Part 3: Consequences of participating in the decision

Investigation into conflicts of interest of four councillors at Environment Canterbury.

If a member of a local authority breaches section 6(1) of the Act, the Auditor-General has the discretion to seek to have that person prosecuted if the circumstances warrant taking that step. That discretion needs to be exercised in keeping with the Solicitor-General's Prosecution Guidelines issued by the Crown Law Office. These guidelines have been in place since 1992 and are the accepted and authoritative description of how any prosecuting agency should exercise its discretion.

The guidelines issued by the Crown Law Office require both that the facts provide evidence of a breach of the Act and that it is in the public interest to bring a prosecution. Factors relevant to that assessment of the public interest include:

  • whether it is more likely than not that a prosecution will result in conviction;
  • the size and immediacy of any pecuniary interest, the damage caused, the level of public concern, and the extent to which the member’s participation influenced the outcome;
  • mitigating and aggravating factors, including any previous misconduct, willingness to co-operate with an investigation, evidence of recklessness or irresponsibility, and previous breaches, cautions, and warnings;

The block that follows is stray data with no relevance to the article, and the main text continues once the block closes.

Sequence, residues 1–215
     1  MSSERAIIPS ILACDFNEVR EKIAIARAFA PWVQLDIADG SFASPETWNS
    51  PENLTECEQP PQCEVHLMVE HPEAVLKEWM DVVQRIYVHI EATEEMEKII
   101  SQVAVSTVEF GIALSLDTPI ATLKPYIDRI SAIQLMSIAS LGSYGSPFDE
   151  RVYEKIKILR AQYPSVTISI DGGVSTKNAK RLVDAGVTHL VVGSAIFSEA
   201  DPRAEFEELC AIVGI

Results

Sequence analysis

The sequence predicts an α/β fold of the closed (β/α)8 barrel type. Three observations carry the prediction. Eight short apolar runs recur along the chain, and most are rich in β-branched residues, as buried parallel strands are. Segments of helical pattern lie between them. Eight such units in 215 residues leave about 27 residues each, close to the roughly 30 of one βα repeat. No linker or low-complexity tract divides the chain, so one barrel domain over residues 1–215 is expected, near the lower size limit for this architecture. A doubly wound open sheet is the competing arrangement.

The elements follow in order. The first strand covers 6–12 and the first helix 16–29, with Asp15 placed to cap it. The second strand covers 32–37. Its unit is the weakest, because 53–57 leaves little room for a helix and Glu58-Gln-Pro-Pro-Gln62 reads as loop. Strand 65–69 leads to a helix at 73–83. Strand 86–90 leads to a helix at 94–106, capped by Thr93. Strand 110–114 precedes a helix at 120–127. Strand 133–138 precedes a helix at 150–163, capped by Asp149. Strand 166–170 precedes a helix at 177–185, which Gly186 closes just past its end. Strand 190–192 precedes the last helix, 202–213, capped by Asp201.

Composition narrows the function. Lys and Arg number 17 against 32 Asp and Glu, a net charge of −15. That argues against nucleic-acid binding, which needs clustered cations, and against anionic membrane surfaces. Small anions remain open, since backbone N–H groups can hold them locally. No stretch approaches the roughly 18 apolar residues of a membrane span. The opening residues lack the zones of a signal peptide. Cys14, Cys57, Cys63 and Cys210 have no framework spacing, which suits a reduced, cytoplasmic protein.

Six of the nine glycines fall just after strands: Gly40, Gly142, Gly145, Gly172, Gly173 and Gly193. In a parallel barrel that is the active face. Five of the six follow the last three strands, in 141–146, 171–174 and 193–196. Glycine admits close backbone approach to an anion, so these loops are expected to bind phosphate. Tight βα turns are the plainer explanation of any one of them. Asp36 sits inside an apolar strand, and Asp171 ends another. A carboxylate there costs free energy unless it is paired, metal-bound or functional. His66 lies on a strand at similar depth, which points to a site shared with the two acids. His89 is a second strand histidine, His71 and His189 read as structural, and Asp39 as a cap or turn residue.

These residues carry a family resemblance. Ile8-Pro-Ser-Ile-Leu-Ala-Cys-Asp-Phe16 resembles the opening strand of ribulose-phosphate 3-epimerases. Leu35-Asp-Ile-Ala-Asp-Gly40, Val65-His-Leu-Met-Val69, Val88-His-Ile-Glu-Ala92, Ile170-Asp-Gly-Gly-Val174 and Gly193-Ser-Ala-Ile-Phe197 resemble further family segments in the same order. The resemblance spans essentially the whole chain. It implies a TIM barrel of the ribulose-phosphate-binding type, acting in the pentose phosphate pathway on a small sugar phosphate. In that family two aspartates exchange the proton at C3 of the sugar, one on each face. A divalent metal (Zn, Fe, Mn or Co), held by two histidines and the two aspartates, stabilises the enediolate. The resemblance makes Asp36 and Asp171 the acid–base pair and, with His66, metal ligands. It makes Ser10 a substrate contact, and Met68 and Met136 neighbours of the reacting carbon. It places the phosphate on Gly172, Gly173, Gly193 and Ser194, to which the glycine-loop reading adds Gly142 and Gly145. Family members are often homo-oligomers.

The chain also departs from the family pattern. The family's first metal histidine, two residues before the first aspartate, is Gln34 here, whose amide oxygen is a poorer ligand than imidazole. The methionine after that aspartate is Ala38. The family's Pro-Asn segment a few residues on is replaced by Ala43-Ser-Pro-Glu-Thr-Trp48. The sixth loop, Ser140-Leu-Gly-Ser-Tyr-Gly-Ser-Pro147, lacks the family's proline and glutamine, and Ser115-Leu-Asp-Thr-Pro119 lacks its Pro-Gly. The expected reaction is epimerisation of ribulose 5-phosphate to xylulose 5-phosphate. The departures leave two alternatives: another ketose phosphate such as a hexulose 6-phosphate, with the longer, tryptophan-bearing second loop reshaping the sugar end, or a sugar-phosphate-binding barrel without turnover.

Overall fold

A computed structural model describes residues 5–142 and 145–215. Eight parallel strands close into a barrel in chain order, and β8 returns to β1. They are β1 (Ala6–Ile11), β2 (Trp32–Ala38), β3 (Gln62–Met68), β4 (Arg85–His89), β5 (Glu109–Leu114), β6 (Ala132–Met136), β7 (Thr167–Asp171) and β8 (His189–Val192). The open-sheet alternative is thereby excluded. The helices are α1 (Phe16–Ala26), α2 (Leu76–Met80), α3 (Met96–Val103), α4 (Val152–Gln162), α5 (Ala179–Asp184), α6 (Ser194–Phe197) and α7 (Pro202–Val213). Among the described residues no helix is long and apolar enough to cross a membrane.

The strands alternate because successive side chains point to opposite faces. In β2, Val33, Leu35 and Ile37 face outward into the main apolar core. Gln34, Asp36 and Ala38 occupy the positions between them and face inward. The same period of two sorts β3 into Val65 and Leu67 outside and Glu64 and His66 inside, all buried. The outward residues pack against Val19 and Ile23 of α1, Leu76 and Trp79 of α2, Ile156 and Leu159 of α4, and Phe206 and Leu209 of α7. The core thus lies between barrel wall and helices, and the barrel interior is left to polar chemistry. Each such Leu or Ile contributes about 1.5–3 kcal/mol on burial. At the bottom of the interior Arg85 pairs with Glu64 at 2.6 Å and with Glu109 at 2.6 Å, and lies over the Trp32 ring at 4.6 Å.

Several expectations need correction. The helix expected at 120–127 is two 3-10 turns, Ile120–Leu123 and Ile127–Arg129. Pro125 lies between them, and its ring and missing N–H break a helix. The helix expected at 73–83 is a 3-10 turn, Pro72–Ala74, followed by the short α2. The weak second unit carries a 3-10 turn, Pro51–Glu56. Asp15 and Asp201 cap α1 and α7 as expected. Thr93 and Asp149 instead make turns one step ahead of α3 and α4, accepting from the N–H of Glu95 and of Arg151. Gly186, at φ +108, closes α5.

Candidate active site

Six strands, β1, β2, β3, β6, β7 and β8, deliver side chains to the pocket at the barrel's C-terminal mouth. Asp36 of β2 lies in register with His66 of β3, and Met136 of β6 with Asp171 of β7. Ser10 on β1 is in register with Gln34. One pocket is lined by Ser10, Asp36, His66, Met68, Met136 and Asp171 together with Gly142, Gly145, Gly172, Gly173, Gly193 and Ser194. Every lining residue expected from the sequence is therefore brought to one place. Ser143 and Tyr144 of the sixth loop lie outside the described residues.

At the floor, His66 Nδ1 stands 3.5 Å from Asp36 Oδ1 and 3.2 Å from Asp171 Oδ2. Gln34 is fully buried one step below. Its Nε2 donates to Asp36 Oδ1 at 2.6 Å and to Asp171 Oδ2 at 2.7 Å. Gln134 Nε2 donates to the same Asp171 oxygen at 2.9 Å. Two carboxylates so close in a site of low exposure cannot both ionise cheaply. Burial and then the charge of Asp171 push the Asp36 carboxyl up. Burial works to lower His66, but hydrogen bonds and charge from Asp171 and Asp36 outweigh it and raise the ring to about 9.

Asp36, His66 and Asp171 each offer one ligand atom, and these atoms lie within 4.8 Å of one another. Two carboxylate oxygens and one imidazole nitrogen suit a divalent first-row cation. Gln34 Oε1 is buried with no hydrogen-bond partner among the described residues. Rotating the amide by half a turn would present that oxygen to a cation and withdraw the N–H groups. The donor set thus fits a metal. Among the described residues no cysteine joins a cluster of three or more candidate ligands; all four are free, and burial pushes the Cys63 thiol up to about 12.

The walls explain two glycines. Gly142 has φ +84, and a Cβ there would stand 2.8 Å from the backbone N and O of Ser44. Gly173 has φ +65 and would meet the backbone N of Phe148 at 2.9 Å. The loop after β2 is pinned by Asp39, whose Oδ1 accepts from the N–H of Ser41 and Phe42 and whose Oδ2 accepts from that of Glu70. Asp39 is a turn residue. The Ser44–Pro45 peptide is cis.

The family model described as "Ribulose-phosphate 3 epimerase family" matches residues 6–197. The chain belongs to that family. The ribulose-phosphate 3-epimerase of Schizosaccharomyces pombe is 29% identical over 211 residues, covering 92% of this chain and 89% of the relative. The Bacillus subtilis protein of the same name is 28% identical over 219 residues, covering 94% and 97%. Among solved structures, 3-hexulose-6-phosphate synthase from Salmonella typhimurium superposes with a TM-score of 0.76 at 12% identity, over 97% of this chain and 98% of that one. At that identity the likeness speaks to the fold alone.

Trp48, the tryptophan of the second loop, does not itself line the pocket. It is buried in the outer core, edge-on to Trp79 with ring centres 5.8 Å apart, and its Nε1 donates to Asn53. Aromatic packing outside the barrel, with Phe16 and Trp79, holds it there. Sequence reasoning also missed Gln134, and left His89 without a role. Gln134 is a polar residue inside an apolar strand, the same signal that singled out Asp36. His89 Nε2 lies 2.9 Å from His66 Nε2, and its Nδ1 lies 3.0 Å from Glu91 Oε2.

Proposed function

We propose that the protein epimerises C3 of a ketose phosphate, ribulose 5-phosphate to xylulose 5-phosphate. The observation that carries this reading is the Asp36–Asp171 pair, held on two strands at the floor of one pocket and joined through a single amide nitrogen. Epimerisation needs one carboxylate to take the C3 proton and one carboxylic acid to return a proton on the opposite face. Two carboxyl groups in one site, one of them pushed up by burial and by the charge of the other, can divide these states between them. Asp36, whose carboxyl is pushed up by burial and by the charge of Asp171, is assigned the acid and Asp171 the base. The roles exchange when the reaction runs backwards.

• the effect of a decision not to prosecute on public opinion;
  • the availability of proper alternatives to prosecution, such as reporting publicly to the council or the public;
  • the prevalence of the offending and need for deterrence;
  • whether the consequences of a conviction would be unduly harsh or oppressive; and
  • the likely length and expense of the trial.

Although we consider that all four councillors have breached section 6(1) of the Act, we have decided not to seek to have them prosecuted. We have considered the criteria in the prosecution guidelines, and our overall assessment is that a prosecution would be unlikely to result in a conviction and it is not in the public interest to proceed. Factors relevant to that judgment include:

  • the councillors all relied on legal advice that they could participate in discussing and voting on the proposal;
  • this is the type of situation where we would have given careful consideration to an application to participate, if one had been made at the right time;
  • the councillors co-operated with our investigation;
  • there are no aggravating factors in terms of a history of breaches or warnings from us;
  • the potential financial effect of the decision was unlikely to be particularly significant for the councillors concerned;
  • previous court decisions have shown that courts are reluctant to impose a conviction in situations of this kind and will consider options such as discharging without conviction; and
  • other sanctions are available, in particular the sanction of a public report by the Auditor-General.

Therefore, we consider that, in this situation, it is enough that we are reporting our findings publicly. We would not necessarily take the same approach if a similar breach occurred again.

The Crown Law Office has reviewed our approach. It agrees that the councillors breached section 6(1) of the Act, and agrees that seeking to have them prosecuted is unlikely to result in a conviction and is not warranted in the circumstances.

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